Death Wishing

Death Wishing This is a terrific story beautifully written and completely enthralling Dorothy AllisonI admire the sentences the clarity of mind and characters who catch and keep our attention Bob Dylan sings ab

  • Title: Death Wishing
  • Author: Laura Ellen Scott
  • ISBN: 9781935439400
  • Page: 399
  • Format: ebook
  • This is a terrific story, beautifully written, and completely enthralling Dorothy AllisonI admire the sentences, the clarity of mind, and characters who catch and keep our attention Bob Dylan sings about a journey all the way from New Orleans to Jerusalem as way of apotheizing, scrutinizing, and recognizing the world we live in Laura Scott is on the way Alan CheuseA s This is a terrific story, beautifully written, and completely enthralling Dorothy Allison I admire the sentences, the clarity of mind, and characters who catch and keep our attention Bob Dylan sings about a journey all the way from New Orleans to Jerusalem as way of apotheizing, scrutinizing, and recognizing the world we live in Laura Scott is on the way Alan Cheuse A story as hot, sticky, and dangerous as Midnight in the Garden of Good and Evil, seen through an imagination as kaleidoscopic as Kelly Link s Steve Himmer, The Bee Loud Glade Something hazy is happening in Fat City Laura Ellen Scott dials up loads of laughs amid the local color and NOLA cuisine in this madcap romp of a novel where last wishes come true, Elvis is back under newly orange clouds, coffee cups are bottomless, and street punks wear capes Richard Peabody, editor Gargoyle MagazineWhat if your most fervent wish could come true, and all you had to do was die first Recovering from a bitter divorce, middle aged Victor Swaim wants nothing than to live a carefree, drunken existence in New Orleans, making capes and corsets, and lusting for Pebbles, the girl who lives across the street.But, after a series of deathbed wishes come true including the curing of cancer, the elimination of cats, the return of Elvis 1967 vintage , the clouds turning orange, mothers growing third eyes and cups of coffee becoming bottomless the hysteria that grows around Death Wishing forces Victor into action Along with his entrepreneurial son Val and his libertine friend Martine, Victor must battle the apocalyptics who have seduced Pebbles away from her true vocation of singing the blues very badly while at the same time confronting his mortal identity just what would he wish for the world without him in it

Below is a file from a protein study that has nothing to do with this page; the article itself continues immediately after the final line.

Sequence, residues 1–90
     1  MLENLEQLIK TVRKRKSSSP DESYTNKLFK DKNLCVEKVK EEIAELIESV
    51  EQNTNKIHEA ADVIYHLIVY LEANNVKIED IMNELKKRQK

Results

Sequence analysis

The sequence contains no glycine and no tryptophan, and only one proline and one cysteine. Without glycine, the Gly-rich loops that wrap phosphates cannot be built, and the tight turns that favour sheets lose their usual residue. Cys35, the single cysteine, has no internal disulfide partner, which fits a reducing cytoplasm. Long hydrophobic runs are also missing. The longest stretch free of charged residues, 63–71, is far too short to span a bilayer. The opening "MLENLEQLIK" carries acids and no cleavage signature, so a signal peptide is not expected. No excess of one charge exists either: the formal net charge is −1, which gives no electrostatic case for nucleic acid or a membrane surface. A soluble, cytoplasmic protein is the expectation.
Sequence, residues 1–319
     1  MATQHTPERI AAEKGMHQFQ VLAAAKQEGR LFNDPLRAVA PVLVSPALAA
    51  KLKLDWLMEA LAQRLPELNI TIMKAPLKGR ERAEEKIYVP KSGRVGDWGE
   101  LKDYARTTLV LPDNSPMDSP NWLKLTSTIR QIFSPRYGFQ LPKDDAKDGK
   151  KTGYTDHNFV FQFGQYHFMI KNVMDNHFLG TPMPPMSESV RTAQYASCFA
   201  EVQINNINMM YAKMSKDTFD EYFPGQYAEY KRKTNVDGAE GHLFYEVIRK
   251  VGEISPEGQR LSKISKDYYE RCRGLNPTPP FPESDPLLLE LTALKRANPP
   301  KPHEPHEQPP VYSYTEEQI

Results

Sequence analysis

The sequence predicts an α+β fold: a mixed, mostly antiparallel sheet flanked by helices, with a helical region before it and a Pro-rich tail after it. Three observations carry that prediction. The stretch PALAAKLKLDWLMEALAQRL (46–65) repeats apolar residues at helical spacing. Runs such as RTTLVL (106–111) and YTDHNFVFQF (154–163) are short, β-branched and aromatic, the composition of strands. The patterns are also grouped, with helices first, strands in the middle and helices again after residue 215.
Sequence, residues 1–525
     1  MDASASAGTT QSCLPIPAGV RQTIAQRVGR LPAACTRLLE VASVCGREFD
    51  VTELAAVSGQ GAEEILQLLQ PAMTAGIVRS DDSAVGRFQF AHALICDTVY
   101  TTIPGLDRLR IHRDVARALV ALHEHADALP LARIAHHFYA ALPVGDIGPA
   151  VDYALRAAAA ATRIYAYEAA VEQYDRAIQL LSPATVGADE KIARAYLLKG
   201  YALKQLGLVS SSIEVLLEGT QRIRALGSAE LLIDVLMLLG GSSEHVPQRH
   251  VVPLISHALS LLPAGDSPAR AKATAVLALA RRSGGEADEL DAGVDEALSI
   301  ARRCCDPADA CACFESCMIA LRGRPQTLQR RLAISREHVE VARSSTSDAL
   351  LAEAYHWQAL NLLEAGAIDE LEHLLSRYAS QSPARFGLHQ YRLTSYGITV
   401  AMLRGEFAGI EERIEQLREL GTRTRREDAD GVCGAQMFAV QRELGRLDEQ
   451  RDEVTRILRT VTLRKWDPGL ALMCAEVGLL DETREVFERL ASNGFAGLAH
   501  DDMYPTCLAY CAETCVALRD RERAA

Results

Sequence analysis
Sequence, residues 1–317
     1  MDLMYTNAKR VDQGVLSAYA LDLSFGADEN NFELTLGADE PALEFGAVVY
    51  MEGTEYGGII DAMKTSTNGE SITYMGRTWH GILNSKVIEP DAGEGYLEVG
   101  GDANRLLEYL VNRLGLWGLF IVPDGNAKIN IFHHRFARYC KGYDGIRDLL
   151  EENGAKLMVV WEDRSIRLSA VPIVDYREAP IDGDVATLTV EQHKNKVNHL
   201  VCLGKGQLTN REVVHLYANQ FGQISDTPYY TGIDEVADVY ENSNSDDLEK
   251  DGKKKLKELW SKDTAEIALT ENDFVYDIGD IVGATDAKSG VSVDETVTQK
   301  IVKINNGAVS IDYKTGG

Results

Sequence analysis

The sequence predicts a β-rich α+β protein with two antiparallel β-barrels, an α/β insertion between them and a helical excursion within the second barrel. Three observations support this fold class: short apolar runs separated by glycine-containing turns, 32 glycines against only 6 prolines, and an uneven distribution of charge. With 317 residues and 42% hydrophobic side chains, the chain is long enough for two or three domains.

• ✓ Death Wishing || ↠ PDF Read by ☆ Laura Ellen Scott
      399 Laura Ellen Scott
    • thumbnail Title: ✓ Death Wishing || ↠ PDF Read by ☆ Laura Ellen Scott
      Posted by:Laura Ellen Scott
      Published :2018-010-22T15:42:10+00:00

    1 thought on “Death Wishing”